New report on ozone in the Front Range details EPA regulatory requirements | business


Excessive ozone in the Denver Metro and North Front Range region during the summer may lead to further restrictions on emissions of ozone-generating precursor compounds from industry, automobiles and even gasoline-powered lawn equipment (RAQC), according to a new draft report from the Regional Air Quality Council.

The high temperatures, intense solar radiation and persistent high-pressure systems that dampen the winds in summer cause precursors – volatile organic compounds (VOCs) such as methane and nitrogen oxides (NOx) to be produced by motor vehicles and other combustion sources, including power plants in the linger in the region and be converted into ozone.

According to the report, some of the main sources of NOx and VOCs are emissions from industrial plants, power utilities, automobile and off-road vehicle exhaust, gasoline fumes, chemical solvents and even household chemicals.

Ozone exposure can cause respiratory diseases, particularly in children, older adults and people with respiratory diseases.

Curbing ozone-producing emissions could mean changing habits, such as B. driving habits, what people shop for in stores, and even the way homes are heated.

It could also involve raising gasoline prices to pay for a more expensive formulation that isn’t as prone to precursor compound emissions as California has been for some time.

Beginning in 1992, the California Air Resources Board required changes to gasoline formulas to reduce vapor emissions, remove lead, and otherwise make gasoline less harmful to the atmosphere. According to the CARB website, a 2003 report “showed that the benefits of the program were equivalent to removing 3.5 million vehicles from California’s roads.”

“We’re going to have more stringent consumer product requirements… Over time, we already have stringent consumer product requirements, but they need to be taken to the next level as an emergency measure,” RAQC executive director Mike Silverstein said during an online news conference Tuesday .

“Once things get serious, EPA regulations require reformulated gasoline to be introduced a year later, at the start of the next gasoline summer season, which typically begins in May of any year, so we would likely see reformulated gasoline in the summer of 2024 and Furthermore.”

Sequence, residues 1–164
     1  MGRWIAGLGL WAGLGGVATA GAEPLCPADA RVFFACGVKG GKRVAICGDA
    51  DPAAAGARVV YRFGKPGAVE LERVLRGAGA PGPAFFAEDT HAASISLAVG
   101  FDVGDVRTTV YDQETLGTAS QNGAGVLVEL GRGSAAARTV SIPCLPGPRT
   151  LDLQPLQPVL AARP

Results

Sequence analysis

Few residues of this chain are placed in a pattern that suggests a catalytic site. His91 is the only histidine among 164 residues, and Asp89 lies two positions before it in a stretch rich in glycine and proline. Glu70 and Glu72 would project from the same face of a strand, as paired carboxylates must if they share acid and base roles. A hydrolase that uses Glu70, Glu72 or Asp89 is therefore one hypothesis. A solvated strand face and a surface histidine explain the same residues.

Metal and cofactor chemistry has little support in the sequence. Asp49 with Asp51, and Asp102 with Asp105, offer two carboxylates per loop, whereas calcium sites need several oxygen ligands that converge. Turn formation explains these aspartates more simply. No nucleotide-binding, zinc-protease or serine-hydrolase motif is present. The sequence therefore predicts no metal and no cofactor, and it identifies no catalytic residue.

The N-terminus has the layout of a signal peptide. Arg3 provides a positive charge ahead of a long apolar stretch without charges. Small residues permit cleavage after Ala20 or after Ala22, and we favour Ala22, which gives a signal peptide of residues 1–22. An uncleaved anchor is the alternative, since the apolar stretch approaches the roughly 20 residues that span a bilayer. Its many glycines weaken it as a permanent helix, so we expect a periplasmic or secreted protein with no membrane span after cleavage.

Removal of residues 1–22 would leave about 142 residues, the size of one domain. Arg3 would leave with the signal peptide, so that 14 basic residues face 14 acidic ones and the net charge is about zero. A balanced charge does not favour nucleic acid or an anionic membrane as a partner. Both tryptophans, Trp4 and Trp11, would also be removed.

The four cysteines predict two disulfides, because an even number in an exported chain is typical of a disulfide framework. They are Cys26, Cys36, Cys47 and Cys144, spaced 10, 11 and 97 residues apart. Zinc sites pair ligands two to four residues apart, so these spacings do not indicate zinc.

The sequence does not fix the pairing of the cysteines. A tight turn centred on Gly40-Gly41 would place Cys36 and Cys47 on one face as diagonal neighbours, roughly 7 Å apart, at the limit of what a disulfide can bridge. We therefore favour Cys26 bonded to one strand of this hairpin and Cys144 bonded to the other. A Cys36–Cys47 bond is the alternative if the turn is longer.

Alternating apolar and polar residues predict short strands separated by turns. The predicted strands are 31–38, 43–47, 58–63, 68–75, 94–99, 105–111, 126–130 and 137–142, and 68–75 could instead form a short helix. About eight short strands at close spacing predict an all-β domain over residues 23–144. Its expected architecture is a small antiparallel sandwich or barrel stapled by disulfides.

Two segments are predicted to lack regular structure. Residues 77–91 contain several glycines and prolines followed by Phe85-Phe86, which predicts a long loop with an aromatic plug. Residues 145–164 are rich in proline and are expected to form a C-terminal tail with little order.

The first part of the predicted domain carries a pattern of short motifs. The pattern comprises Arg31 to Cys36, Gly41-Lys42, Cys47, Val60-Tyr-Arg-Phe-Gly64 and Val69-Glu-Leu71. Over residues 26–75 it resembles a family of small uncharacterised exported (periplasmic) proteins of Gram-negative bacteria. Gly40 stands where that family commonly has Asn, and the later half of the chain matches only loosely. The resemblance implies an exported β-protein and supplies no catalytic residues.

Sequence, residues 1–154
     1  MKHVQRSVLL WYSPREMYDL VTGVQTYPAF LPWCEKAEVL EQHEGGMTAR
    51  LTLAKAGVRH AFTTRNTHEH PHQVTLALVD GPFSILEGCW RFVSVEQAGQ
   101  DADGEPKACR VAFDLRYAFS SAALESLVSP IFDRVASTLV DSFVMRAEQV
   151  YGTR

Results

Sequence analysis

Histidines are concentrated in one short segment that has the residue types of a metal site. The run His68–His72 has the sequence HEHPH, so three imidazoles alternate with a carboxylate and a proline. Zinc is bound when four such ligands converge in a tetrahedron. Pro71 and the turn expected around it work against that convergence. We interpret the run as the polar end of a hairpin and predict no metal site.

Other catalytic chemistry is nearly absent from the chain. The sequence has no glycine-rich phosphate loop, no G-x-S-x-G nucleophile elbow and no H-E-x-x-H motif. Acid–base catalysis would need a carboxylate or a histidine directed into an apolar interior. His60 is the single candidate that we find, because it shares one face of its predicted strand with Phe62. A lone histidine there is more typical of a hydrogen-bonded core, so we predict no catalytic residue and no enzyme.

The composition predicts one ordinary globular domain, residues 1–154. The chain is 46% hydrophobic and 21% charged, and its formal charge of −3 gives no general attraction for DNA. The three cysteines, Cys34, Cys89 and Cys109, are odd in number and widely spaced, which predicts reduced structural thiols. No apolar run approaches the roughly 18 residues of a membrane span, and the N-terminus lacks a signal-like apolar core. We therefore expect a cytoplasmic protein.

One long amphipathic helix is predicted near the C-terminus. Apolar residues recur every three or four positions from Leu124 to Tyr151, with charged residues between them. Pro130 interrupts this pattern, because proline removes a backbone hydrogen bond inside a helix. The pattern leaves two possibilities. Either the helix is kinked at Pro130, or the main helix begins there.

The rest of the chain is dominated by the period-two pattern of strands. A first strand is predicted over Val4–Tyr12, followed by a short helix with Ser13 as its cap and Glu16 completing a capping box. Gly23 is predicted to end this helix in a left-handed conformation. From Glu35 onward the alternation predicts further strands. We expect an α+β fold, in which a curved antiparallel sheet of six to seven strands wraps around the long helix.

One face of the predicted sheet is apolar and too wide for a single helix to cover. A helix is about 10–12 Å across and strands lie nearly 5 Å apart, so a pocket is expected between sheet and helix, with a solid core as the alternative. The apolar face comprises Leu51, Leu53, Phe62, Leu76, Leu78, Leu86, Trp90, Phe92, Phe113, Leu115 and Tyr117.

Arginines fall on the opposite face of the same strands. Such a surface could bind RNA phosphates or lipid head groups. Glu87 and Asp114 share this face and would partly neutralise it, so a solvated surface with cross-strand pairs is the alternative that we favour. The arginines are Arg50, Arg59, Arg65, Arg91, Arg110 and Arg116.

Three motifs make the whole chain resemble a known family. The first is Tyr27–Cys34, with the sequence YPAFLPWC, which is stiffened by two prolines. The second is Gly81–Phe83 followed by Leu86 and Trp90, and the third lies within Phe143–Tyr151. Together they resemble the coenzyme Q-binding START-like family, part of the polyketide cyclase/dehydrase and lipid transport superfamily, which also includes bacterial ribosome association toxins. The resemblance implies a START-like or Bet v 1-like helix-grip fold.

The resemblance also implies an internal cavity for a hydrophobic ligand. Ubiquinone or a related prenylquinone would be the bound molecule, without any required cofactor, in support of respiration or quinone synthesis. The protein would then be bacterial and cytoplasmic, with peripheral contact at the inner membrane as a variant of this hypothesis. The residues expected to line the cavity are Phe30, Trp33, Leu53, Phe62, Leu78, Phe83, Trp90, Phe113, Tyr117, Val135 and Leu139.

David Sabados, RAQC’s communications director, told the Denver Gazette that he wasn’t sure how much more a reformulated gasoline — or RFG — might cost.

“There are many factors that go into gas prices, and to the best of our knowledge, the fuel industry has never provided an exact figure on RFG cost increases,” Sabados said. “I don’t have an exact quote, but an increase of 20-30 cents/gallon is likely given what we’ve seen in some other areas when trying to find numbers ourselves.”

State and local officials have long struggled to meet increasingly stringent EPA ozone standards, which were tightened several times between 1978 and 2008.

In 2018, the EPA downgraded the region from “moderate” to a “severe” noncompliance category, leading to revisions to the State Implementation Plan (SIP), which informs the EPA on how Colorado plans to meet ozone standards by 2027.

The region — made up of eight counties including Jefferson, Boulder, Larimer, Denver, Jefferson, Douglas, Arapahoe, Adams, and Weld — has had seasonal ozone issues for decades. It was declared a “failure region” in 1978 when ozone levels exceeded 120 parts per billion, the EPA’s 1978 national air quality standard.

In 2020, the EPA again classified the region as a “moderate non-achievement,” triggering another SIP for 2024.

Ground-level ozone is not emitted directly into the air. Rather, it is formed through complex chemical reactions between nitrogen oxides (NOx) and volatile organic compounds (VOCs) and, to a lesser extent, carbon monoxide (CO) in the presence of sunlight, the report said.

According to Silverstein, the EPA doesn’t care where the precursors come from, even if they or ozone itself are pouring in from other states or even other countries, and that meeting air quality standards is important to the agency.

“Basically, we think we control about 25 to 30 percent of the ozone in our region,” Silverstein said. “And we are responsible for developing strategies for control.”

But Silverstein says we won’t get an exemption for natural emissions, except in exceptional circumstances like ozone from wildfires or the occasional blowing of ozone from the stratosphere into the Denver Basin. In this case, if the state can prove it, the EPA will overlook the violation.

One of the region’s problems is its topography and the fact that the majority of the volatile organic compounds that can contribute to the formation of ozone, more than 50% of the VOCs come from natural, uncontrollable “biogenic” sources, such as. B. Methane produced by decomposition in wetlands and lakes.

“It’s part of the ozone situation,” Silverstein said. “Other areas have the same or even higher biogenic emissions, but they meet the standard because they either have better meteorology (weather) or do not include air pollutants in the region due to the terrain or the unique characteristics we have in our front range. But you can’t get a passport from the EPA.”

Comments on the draft report can be submitted in writing to RAQC by July 27. If you would like to share your comments personally, please register for the August 5 Zoom board meeting and opt-in to public comment by emailing Misty Howell [email protected]

Visit the RAQC website for more information


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